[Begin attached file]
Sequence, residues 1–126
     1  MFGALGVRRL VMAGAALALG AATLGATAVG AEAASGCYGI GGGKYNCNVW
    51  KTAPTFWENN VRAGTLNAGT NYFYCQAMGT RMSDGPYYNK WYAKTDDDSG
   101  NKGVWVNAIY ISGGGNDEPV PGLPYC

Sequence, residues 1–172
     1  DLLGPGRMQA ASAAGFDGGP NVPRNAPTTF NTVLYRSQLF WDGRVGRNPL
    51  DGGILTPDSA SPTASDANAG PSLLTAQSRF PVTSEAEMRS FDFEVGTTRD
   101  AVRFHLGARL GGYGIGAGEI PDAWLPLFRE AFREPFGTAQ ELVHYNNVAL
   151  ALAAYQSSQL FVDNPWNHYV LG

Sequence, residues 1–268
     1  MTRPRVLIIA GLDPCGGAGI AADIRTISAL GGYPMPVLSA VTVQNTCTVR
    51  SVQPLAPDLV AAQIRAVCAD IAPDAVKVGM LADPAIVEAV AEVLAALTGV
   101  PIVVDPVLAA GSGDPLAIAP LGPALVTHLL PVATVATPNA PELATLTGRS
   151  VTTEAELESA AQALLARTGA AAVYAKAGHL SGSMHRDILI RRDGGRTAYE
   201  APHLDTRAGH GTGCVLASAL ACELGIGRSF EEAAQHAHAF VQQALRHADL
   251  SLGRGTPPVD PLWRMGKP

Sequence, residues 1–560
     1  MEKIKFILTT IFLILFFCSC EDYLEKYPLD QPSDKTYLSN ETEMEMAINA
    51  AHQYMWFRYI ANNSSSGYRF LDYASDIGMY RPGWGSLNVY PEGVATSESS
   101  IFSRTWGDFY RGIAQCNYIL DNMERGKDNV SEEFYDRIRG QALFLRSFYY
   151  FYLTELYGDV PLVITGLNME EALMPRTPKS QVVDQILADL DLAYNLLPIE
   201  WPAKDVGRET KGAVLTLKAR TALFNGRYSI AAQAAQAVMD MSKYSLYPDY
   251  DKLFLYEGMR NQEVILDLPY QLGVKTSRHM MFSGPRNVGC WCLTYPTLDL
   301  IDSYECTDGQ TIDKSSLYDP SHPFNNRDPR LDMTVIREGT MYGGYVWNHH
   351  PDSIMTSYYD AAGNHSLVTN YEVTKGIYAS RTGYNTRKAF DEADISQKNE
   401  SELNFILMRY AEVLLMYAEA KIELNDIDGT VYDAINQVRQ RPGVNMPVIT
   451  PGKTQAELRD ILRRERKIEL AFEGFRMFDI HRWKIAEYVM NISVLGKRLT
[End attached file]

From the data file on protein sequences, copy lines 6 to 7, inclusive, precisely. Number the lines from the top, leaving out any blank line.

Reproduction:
     1  DLLGPGRMQA ASAAGFDGGP NVPRNAPTTF NTVLYRSQLF WDGRVGRNPL
    51  DGGILTPDSA SPTASDANAG PSLLTAQSRF PVTSEAEMRS FDFEVGTTRD